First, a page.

Insights from the UK and beyond
The odds are moving rapidly towards a launch of QE2 in the UK. A second bout of quantitative easing - printing money - would be controversial. But a fragile economy needs extreme treatment - monetarily, and probably fiscally, too.
Britain's substantial home-grown problems are being exacerbated by crisis in the euro zone. UK unemployment crossed 2.5 million in the three months to July. Activity in services, the bulk of the economy, almost contracted in August. Wages, up just 1.7 percent in the past year, are falling fast in real terms, impoverishing consumers and threatening deflation. And exports are stalling: the euro zone is the UK's main trade partner.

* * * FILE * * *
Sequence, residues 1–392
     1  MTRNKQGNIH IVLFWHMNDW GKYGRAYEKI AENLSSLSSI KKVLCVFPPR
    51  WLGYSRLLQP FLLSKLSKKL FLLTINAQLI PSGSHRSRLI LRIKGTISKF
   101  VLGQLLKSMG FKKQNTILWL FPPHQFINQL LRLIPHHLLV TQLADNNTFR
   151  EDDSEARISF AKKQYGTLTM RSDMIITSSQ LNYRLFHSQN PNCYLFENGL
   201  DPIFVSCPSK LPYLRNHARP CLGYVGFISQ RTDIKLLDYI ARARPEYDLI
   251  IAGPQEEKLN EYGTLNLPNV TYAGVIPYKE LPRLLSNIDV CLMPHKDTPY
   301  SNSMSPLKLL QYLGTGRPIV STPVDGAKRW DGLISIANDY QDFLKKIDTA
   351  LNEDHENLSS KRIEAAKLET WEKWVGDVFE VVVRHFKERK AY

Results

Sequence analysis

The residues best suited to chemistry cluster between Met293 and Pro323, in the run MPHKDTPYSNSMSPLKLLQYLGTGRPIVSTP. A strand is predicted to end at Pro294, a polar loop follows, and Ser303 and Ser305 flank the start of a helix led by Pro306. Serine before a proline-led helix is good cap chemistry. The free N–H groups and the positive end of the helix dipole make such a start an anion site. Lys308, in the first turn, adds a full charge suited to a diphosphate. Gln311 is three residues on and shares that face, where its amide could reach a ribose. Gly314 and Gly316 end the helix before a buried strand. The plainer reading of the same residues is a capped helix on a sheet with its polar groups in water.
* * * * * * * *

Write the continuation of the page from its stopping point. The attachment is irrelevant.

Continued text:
Inflation, 4.5 percent now and likely to go higher in September, is the obvious obstacle to still looser money. But in January it should drop to about 3.5 percent as this year's sales-tax increase drops out of the equation. In any case, it is not inflation but the threat of renewed recession that is now the Bank of England's foremost terror. GDP growth may already be negative.
Policymakers will have to do more. Adam Posen, the BoE's chief dove, has suggested a new public bank. This quick and unfashionable Fannie Mae-like step seems unlikely. QE2, probably to the tune of about 50 billion pounds, is the obvious emergency remedy.